Here’s that beautiful ‘race-face’ I promised you … that’s the ‘graft’ right there!
4. Taking the good with bad days
…but ultimately, despite the hard work we all put in, there will be really bad days.
I ran the Great Scottish Run half marathon in 2013 … I cried at mile 9 … I cried at mile 12. It was a bad day (during the race anyways). We can only hope that during the PhD journey, the good days out-weigh the bad ones.
I’ve (almost) forgotten all those feelings I had during that race in 2013, but from time to time, I still have runs where it feels like it’s the first time I’ve ever put on a pair of trainers. Sometimes, sitting down to write, or think up a new idea, or re-think an old one can feel like this and it can be disheartening. I’ve come to realise that this is part of what the whole journey is about. Even though it’s very hard to convince yourself of this sometimes, learning from the bad days can help when you have a really good day.
5. Wading through the mud
As I embark on a fresh new season of cross-country running, I reflect on the PhD process as a process of wading through the mud.
It can feel like you’re wading and wading and the ‘race’ is never-ending but then you get to the end (in a year I hope) and you feel relief and most importantly, you can reap the benefits of your hard work. In the case of cross-country, that means I eat my body-weight in chocolate.
Metaphorically speaking, the chocolate in the case of finishing our PhDs will be the career opportunities ahead of us and the personal sense of achievement of doing something pretty damn amazing (chocolate and wine will also be on the cards, FYI).
Nevertheless, at least we’re all wading through this mud together:
6. Support networks
It is only over the last year (my 2nd year of PhD) that I’ve really sought out support from people around me.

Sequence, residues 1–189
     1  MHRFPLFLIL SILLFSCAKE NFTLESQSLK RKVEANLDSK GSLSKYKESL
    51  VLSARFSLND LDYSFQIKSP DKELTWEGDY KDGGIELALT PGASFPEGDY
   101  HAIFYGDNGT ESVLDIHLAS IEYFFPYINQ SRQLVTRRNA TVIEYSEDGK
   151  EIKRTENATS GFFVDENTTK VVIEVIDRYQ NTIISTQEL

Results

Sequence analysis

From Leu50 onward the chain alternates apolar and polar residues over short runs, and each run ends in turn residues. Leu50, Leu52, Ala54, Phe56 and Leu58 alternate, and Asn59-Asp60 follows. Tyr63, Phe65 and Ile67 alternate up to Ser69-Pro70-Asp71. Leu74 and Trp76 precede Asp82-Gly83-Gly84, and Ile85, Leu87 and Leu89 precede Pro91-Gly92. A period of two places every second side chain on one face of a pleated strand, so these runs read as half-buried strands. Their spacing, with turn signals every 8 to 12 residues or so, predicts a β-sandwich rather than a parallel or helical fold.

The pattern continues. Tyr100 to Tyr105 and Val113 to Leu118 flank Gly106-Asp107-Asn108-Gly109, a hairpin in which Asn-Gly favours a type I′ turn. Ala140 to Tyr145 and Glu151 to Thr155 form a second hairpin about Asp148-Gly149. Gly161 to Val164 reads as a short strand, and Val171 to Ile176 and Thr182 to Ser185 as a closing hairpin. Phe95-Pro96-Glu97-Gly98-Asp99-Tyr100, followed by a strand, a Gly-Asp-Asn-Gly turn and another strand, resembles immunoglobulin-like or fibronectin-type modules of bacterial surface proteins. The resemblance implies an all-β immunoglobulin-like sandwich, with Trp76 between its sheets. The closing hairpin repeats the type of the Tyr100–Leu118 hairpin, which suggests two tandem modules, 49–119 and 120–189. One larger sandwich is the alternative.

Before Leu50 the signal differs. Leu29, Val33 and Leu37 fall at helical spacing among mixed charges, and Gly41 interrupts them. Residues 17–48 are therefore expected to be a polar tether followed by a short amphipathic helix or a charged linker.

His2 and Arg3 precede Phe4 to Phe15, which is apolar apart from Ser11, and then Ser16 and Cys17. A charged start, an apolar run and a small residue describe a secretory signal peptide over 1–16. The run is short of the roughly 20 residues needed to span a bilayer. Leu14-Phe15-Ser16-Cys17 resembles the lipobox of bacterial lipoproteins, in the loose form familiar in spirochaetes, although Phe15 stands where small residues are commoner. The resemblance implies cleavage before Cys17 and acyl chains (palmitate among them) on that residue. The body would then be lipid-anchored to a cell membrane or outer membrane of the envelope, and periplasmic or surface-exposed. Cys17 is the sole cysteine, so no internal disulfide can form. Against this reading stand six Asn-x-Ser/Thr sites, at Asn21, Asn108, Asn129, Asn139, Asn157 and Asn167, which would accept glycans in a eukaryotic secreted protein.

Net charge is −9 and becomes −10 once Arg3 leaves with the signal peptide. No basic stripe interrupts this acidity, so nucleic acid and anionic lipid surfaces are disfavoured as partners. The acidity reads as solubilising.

PhD women in Scotland for example has been such a great source of comfort and support. Nothing can compare with knowing that people are feeling the same as you or in a similar situation to you. Same goes for running. Nothing quite beats hearing someone on the side-lines of a race shouting your name (or telling you that the finish line is ‘just around the corner’ – I know we’ve all heard that one before).
These support networks are not only there for us on the important or difficult days, they are there all the time. Whether that’s on a cold December training night or on a Friday afternoon in the office when the weekly PhD Women blog comes out.
I wouldn’t still be running or studying if it wasn’t for these support networks.
7. Comparison is the thief of joy
Just don’t (or try your best not to) compare yourself to others. It’s literally the hardest thing to stop yourself from doing (I do it all the time), especially when colleagues are publishing, presenting, and being the super clever marvellous people that they are.
All I think sometimes is that ‘I’ll never be that good’, ‘I’ll never achieve that’, and that I’ve somehow managed to slip through a 2-year net and now I have one year to magically become a ‘proper’ PhD student.
As they say, comparison is the ultimate thief of joy. When I’m running, I always try to remember that I’m here to better myself, to feel good in myself and my only real ‘competitor’ is me.
It doesn’t always work but when I do well, or beat my previous time, I feel proud … even if that means I’ve come 2,765th place.
8. Enjoy it …
Absolutely the most hypocritical thing I’ve probably ever said. It’s most definitely easier said than done. But remembering that there is more to life than PhD (or to running for a personal best time).
Life still happens and enjoying yourself sometimes is an escape and time to remember just that, that life doesn’t stop just because you’re doing a PhD. Maybe at the weekends I embody this a little too much (oopsies) but hey, what’s a gal to do if she wants a night out?
Sometimes, I take time to enjoy running, to enjoy the non-serious side of my hobby and make me remember why I love it, or I just take a night off training or a day off PhD work. It’s about doing what your body and mind need and want.
This is the ‘fun’ side of running: a (very) hungover Santa at the Santa Dash and a splash of colour on a jog around the dams.
“You end up exhausted and spent, but later, in retrospect, you realize what it all was for. The parts fall into place, and you can see the whole picture and finally understand the role each individual part plays. The dawn comes, the sky grows light, and the colours and shapes of the roofs of houses, which you could only glimpse vaguely before, come into focus.” - Haruki Murakami, from his book ‘What I talk about when I talk about running’